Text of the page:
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Uber demand surge amid tube strike allows firm to triple prices

4 min read

09 July 2015

The 24-hour tube strike has caused misery for commuters trying to find alternative routes into work, along with heaving buses and trains. While most have been having difficulty, taxi firm Uber has been reaping the rewards.

During busier times, the app alerts users to higher demand meaning increased prices, but the surge during commuter chaos has meant fares have risen around three times the normal amount.

Users took to Twitter in dismay to complain about the development, though the company has also encouraged Londoners to share the journey, split the fare and free up a car for another commuter left astray using the #KeepLondonMoving hashtag.

It has been at least 2.9x the normal fare, meaning a minimum was around £14.50 – with the app displaying the message: “Demand is off the charts! Fares have increased to get more Ubers on the road.”

Meanwhile, competitor Hailo, which allows black cabs to take bookings through a mobile app, has reported a 500 per cent increase in pre-booked Hailo taxis. The company revealed demand is more than double last New Year’s Eve, with the amount of drivers it has on the road up by 108 per cent in comparison to that one night.

Hailo CMO Gary Bramall commented:” As with previous strikes, we are experiencing higher demand for cabs – more than that of New Year’s Eve. We’re doing our best to ensure our fleet of 15,000 trusted black cab drivers are available to help our customers navigate around London.”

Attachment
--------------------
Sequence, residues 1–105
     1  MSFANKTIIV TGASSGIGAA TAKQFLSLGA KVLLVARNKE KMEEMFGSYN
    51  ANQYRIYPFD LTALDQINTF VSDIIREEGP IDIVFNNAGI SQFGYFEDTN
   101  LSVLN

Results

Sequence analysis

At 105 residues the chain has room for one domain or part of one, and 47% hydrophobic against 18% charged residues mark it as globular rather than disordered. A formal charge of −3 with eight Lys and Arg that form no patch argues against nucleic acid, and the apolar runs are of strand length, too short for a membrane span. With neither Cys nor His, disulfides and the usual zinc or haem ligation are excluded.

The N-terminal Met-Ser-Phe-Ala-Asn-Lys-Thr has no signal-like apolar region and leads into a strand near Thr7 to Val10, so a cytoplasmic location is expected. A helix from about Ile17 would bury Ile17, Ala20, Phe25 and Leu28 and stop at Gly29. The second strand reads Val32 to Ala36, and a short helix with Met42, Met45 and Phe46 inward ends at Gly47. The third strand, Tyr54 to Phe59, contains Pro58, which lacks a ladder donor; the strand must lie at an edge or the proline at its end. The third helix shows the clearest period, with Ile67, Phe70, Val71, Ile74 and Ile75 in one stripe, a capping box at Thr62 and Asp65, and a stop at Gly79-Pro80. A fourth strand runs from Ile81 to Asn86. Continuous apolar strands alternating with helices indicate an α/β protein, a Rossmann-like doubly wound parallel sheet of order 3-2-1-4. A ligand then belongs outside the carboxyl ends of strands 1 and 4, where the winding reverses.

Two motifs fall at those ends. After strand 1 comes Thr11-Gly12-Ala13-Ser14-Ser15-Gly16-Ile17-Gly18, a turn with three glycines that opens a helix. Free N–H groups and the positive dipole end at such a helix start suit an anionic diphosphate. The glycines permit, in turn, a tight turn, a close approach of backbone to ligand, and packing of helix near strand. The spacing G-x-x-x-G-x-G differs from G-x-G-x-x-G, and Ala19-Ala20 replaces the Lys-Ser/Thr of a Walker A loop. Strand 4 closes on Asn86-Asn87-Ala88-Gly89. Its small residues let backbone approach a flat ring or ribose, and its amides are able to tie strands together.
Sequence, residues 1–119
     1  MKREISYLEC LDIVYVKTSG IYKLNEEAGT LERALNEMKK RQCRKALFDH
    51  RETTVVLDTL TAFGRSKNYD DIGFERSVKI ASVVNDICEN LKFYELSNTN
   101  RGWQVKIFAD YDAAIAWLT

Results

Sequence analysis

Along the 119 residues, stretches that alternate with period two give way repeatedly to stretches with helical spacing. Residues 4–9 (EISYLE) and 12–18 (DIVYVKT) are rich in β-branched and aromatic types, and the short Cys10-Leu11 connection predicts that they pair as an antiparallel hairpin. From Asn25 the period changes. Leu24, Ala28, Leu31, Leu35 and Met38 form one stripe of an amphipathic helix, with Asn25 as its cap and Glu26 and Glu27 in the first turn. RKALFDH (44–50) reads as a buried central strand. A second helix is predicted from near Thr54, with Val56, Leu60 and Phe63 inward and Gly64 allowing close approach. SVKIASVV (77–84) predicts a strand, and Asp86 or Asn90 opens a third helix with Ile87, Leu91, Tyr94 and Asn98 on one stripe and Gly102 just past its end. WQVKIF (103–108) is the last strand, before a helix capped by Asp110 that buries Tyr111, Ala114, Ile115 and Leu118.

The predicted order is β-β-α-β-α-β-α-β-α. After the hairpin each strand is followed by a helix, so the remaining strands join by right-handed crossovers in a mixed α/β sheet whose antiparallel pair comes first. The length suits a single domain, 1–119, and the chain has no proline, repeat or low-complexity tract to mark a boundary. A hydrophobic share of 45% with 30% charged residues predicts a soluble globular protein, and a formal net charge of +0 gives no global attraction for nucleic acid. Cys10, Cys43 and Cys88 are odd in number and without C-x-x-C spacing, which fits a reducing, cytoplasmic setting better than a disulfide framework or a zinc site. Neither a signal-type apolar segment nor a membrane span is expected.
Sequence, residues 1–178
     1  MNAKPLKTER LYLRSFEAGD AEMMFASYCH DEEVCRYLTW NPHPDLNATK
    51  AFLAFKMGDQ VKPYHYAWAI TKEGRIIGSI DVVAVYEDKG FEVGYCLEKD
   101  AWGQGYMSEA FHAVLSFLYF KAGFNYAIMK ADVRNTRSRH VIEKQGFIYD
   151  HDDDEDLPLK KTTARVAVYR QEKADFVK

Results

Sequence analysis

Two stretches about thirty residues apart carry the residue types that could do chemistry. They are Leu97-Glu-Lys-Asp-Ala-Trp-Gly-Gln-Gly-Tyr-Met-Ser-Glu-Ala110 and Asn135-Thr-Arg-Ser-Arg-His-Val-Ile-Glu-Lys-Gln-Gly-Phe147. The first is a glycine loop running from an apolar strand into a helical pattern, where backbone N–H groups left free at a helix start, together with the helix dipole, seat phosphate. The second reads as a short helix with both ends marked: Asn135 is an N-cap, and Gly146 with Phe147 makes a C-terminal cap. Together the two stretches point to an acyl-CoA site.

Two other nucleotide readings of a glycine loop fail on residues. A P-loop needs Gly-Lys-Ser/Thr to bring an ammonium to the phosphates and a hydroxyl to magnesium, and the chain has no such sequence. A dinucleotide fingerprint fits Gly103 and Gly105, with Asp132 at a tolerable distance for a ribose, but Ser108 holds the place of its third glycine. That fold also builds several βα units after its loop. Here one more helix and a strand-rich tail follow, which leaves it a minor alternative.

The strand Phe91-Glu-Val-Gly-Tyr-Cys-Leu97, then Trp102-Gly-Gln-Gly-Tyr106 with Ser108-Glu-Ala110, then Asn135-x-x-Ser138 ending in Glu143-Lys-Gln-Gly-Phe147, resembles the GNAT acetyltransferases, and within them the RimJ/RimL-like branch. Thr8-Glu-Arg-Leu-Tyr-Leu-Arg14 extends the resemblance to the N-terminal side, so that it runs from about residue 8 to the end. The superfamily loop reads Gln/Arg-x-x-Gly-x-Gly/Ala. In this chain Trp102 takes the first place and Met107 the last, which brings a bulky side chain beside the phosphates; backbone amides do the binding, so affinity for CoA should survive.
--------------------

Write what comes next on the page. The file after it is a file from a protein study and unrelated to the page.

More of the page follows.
London’s mayor, Boris Johnson, who has been a vocal critic of the strike, told LBC that he hoped London’s black cab drivers “take advantage of this and get additional fares today to help Londoners out”.

There has been repeated criticism of Transport for London’s lack of regulation on Uber drivers. Johnson has also said Uber drivers should undergo a similar test to prospective cab drivers as the current rules weren’t fair.

Labour MP John Mann tweeted that it reflected the important place black cabs have in the capital.

It may be unsurprising that Uber is maximising profit on one of the busiest days of business for the company, though some customers were noticeably unimpressed –warning it could lead to them using the service less.

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The surge pricing model is triggered automatically by the firm’s algorithm, though this has caused problems in the past. During the Australian hostage crisis in Sydney, drivers were charging four times the usual price for passengers to get out of the city. 

It later offered people free rides, saying it was “truly sorry” for the automated mishap.

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